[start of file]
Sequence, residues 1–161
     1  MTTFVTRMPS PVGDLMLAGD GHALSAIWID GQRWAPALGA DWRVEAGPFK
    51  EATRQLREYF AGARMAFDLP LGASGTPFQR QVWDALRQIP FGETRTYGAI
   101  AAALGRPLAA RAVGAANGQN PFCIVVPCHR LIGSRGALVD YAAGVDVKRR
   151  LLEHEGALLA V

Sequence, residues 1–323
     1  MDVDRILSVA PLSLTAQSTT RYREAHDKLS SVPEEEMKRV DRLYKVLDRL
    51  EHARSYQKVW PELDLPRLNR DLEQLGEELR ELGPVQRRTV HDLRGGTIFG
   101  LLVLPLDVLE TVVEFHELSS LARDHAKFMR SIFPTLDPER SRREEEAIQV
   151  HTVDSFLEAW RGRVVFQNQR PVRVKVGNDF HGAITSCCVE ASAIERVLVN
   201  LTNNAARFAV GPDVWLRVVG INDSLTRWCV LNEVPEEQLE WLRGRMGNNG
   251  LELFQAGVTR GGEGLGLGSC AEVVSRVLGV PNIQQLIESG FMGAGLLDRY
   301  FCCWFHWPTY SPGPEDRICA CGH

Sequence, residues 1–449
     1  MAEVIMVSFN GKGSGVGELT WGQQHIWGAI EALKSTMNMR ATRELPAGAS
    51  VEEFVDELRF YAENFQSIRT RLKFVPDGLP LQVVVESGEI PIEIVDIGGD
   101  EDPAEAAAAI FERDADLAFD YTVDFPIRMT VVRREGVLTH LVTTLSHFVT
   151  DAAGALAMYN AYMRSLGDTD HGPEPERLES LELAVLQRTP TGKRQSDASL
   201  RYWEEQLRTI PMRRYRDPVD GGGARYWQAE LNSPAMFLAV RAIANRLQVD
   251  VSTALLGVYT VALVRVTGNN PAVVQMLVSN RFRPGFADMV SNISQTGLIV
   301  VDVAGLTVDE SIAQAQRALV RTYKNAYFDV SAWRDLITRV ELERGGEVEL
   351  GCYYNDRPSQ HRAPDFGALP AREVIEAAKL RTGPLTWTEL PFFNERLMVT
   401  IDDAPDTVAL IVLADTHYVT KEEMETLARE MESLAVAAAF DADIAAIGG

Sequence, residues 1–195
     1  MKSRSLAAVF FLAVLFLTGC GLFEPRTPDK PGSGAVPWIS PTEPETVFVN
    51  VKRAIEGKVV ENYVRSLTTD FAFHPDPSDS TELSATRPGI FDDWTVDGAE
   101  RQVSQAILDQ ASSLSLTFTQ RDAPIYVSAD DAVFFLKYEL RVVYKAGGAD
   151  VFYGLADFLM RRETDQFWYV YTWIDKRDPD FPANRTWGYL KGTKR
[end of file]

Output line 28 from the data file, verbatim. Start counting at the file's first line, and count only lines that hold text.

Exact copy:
   151  VFYGLADFLM RRETDQFWYV YTWIDKRDPD FPANRTWGYL KGTKR